What’s going on with the EU copyright reform for education?
The draft EU Copyright Directive for the Digital Single Market had a flurry of attention over the last few weeks; and rightly so as the now infamous articles 11 and 13 pose are a serious threat for how we can create, use and share content online. One would almost forget that there are several other articles in the Directive, articles that could potentially improve the way users engage with creative content. Within the project Copyright Reform for Education++Copyright for educationRead more about the project here. we focus on one of these articles: article 4. We bring together educational stakeholders, civil society and argue for a strong mandatory educational exception that makes sense in the digital age, and brings open education and lifelong learning as close to a copyright-sanctioned reality as possible. We thought it would be good to share what we are arguing for, and what you could do to help.
The next major step in the EU copyright reform process++Copyright for the modern ageRead more on why Kennisland engages with copyright for the modern age. is the vote scheduled for 12 September, when the entire European Parliament (about 750 people) will vote on amendments that are being put forward until 5 September. They will vote on amendments to the text put forward by the European Commission, which was shared back in 2016. The JURI report, which was rejected on 5 July by the parliament had several improvements for the education exception on article 4. It was, however, not nearly enough to truly make copyright work for education in Europe. For the purpose of the vote on 12 September, we need to work with the Commission text. Below we will share the three most important things to fix. There are more points of concern, which you can read about in a 2016 analysis of the Commission proposal.
Problem 1: Education is not just formal education
The European Commission’s proposal does not include all important providers of education, as only formal educational establishments are covered by the exception. While the EU has shown tremendous support to lifelong learning in other areas of policy, the Commission text does not explicitly include the value of informal and non-formal education conducted in the workplace. While the EU has shown tremendous support to lifelong learning in other areas of policy, the Commission text does not explicitly include the value of informal and non-formal education conducted in the workplace. We therefore ask for the inclusion of heritage institutions in the exception (which was the case in the JURI report), and NGOs who also play an important role in education.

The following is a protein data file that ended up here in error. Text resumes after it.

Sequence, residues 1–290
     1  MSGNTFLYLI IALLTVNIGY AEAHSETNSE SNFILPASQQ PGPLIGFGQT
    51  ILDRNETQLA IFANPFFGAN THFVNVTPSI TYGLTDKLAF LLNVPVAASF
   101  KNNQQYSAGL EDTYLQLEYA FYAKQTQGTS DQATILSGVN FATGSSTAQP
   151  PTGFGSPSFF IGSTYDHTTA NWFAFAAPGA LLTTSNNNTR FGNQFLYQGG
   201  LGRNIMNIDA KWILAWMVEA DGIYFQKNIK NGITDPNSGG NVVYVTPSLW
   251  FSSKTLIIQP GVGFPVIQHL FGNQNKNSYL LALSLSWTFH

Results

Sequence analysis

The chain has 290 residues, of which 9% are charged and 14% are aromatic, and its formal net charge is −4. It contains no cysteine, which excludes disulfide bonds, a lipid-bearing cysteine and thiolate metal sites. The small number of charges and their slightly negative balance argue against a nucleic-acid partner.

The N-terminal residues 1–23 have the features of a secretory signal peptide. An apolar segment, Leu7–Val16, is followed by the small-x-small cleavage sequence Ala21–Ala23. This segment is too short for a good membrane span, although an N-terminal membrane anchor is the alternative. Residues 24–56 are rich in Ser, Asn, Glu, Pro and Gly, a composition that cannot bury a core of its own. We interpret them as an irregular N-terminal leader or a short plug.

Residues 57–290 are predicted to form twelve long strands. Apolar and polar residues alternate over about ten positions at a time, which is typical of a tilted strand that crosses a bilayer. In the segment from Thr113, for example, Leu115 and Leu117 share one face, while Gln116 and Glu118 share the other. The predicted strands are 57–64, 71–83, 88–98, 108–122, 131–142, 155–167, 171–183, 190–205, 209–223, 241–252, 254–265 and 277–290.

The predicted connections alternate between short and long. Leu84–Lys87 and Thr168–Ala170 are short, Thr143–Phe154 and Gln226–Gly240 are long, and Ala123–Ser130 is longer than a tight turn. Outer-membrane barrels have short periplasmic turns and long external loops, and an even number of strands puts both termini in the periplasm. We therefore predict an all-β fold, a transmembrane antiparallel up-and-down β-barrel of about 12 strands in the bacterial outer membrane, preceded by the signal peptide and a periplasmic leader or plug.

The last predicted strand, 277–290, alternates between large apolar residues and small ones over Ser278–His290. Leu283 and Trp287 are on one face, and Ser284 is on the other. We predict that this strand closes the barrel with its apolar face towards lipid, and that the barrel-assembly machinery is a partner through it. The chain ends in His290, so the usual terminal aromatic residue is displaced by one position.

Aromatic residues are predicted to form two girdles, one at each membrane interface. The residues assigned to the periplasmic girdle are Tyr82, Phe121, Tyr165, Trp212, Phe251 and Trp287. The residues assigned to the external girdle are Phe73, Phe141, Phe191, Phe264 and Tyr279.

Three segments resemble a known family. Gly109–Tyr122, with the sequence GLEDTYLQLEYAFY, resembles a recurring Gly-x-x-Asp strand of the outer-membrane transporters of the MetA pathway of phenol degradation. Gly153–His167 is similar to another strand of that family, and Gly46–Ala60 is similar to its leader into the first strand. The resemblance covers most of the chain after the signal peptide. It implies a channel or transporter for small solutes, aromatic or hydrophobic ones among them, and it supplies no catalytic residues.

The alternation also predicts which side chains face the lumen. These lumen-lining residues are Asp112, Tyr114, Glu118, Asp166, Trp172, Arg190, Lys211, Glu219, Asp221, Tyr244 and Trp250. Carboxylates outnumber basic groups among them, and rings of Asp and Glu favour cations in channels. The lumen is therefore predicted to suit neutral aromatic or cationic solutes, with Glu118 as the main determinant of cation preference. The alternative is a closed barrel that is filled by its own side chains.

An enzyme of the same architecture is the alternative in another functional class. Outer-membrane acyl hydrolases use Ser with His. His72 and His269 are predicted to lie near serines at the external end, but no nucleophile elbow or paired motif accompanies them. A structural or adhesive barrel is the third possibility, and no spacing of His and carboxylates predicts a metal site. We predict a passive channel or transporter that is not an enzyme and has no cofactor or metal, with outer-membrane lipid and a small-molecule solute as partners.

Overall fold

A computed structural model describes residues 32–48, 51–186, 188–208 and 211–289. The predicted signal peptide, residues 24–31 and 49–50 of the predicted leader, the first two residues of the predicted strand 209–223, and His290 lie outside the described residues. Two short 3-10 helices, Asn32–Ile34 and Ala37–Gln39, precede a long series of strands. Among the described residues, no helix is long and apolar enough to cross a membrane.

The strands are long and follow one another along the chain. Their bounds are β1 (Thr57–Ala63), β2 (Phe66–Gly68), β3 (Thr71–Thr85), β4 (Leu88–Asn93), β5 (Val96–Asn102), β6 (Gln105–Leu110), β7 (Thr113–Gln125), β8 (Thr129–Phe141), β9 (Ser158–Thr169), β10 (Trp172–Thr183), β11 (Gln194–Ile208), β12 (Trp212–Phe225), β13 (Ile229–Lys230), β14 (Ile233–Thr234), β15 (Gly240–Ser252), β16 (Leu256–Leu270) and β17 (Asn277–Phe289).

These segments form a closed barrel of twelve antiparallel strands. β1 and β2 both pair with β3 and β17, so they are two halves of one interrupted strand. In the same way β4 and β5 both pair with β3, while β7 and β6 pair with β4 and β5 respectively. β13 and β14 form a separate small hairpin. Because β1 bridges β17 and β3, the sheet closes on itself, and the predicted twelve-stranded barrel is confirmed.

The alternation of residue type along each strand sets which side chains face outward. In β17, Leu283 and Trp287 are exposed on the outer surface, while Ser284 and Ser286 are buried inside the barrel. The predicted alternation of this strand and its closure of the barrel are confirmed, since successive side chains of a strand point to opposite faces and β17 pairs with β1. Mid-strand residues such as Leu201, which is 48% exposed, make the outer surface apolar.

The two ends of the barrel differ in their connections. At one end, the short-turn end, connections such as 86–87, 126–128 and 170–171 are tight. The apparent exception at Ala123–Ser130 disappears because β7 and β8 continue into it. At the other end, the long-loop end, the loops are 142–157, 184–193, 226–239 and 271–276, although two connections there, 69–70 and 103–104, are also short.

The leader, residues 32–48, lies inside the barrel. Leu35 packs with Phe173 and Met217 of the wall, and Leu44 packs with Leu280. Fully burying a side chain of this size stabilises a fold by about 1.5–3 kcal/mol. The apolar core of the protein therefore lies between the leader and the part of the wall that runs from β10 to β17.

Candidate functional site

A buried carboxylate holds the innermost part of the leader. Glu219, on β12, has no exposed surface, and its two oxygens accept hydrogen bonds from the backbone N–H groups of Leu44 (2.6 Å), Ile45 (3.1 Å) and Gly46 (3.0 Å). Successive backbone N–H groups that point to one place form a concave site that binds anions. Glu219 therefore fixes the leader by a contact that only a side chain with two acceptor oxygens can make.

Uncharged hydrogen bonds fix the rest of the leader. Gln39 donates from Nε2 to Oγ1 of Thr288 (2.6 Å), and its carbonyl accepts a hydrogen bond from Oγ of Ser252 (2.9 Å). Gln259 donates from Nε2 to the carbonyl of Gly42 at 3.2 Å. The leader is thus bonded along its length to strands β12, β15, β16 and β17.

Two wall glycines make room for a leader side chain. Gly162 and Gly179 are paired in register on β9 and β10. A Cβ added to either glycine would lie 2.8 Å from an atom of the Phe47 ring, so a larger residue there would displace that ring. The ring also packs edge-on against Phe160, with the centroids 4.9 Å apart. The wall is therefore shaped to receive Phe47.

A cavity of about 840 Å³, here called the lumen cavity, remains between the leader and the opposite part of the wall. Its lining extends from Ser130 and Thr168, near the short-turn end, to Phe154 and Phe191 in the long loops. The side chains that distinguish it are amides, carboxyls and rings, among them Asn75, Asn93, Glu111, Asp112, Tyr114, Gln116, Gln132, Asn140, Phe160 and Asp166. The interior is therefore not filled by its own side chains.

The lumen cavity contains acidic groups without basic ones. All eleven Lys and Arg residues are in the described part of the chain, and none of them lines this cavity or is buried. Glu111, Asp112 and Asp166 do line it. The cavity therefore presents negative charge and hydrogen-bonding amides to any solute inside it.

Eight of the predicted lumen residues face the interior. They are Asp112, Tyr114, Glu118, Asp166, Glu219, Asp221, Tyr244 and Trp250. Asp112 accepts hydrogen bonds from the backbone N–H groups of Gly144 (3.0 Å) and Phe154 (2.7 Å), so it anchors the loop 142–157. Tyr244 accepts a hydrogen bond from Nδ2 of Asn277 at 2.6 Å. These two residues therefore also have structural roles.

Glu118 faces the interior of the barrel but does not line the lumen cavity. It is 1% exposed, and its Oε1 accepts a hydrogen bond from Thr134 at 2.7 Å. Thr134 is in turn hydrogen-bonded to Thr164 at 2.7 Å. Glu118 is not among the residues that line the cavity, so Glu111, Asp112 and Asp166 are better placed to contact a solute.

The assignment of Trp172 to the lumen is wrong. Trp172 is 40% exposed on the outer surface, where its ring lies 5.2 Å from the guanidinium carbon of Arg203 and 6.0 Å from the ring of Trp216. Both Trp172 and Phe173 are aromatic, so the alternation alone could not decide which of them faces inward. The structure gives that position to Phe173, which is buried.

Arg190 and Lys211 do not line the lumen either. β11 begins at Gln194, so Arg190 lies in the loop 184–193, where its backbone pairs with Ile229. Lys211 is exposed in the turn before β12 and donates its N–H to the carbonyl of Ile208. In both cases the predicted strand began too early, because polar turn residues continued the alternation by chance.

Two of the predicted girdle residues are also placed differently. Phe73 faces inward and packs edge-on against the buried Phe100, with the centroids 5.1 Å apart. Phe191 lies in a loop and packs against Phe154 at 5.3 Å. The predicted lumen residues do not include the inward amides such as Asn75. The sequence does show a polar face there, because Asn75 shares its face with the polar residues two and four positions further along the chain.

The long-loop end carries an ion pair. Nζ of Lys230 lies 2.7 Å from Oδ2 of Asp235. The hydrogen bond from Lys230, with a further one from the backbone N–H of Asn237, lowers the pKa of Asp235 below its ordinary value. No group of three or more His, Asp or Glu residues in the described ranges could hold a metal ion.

Problem 2: Education is not just in the classroom
In today’s Europe, educational activities are legitimately provided in many locations and through various means of communication. The consequence of the European Commission’s proposal to limit digital uses to secure institutional networks and to the premises of an educational establishment is that educators are not allowed to develop and conduct educational activities in other facilities such as libraries and museums, and they will not be able to use modern means of communication, such as emails and the cloud. All to the detriment of learners. We therefore argue that the exception needs to be clarified to say that the exception applies wherever the education is provided under the care of an educational establishment, and furthermore clarify that the exception applies in electronic environments such as through email and the cloud.
Problem 3: Licenses are not the solution
Educators should not need a lawyer to understand what they can and cannot do.Educators should not need a lawyer to understand what they can and cannot do. We believe in transparency. Educators would benefit from an education exception on which they can rely across the European Union. Unfortunately, the European Commission’s proposal will maintain the fragmented legal copyright framework when it comes to education as long as licenses can overrule the exception. This is the case in article 4(2) of the exception. We argue that this license priority should only apply to the extent that equivalent collective licensing agreements authorising the acts described the exception are included, and the licenses are tailored to the needs and specificities of educational establishments are mutually agreed by the licensor and the licensee. This follows from the research done by Teresa Nobre, which clearly showed that educational licenses in several EU countries are simply too one-sided.
In addition we argue that it should not be possible for the exceptions to be overridden by contracts, and that it should be possible for people to grant a royalty-free license for educational materials, doing so for example through Creative Commons-licenses++Creative CommonsKennisland has been representing Creative Commons in the Netherlands since 2004.. These points were already included in the JURI-report. While these concerns might seem legal nit-picking, the final wording of article 4 will profoundly affect how innovative education can develop over the coming decades in Europe While these concerns might seem legal nit-picking, the final wording of article 4 will profoundly affect how innovative education can develop over the coming decades in Europe.. Especially the developments of open online education, non-formal learning and how schools can collaborate online will either be promoted by this text, or are in danger to be stifled before these innovations can show their true potential.
We continue to argue for this better copyright exception. If you would like to know more on the subject, or want to help, we invite you to visit the Copyright for education website or get in contact with me directly at firstname.lastname@example.org.